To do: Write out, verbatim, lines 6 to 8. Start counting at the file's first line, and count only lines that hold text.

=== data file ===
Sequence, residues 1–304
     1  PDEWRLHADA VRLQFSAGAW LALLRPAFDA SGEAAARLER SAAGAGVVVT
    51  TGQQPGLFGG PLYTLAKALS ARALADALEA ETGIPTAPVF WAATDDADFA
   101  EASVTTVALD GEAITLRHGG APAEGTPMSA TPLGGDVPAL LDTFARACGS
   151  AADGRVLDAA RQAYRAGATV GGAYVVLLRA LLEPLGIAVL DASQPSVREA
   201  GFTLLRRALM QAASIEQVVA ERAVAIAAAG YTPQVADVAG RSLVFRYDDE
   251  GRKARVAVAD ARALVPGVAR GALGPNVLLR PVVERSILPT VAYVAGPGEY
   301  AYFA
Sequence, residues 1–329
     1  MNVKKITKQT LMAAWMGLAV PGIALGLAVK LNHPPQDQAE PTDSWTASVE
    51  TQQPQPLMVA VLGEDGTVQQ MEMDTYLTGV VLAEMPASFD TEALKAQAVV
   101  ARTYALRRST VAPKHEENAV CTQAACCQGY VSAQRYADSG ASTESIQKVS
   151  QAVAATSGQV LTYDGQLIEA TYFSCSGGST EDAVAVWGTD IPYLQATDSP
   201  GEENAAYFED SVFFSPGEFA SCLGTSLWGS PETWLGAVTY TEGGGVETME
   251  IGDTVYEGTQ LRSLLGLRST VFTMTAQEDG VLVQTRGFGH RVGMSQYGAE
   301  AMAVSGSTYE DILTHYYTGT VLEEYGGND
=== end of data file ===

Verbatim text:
   201  GFTLLRRALM QAASIEQVVA ERAVAIAAAG YTPQVADVAG RSLVFRYDDE
   251  GRKARVAVAD ARALVPGVAR GALGPNVLLR PVVERSILPT VAYVAGPGEY
   301  AYFA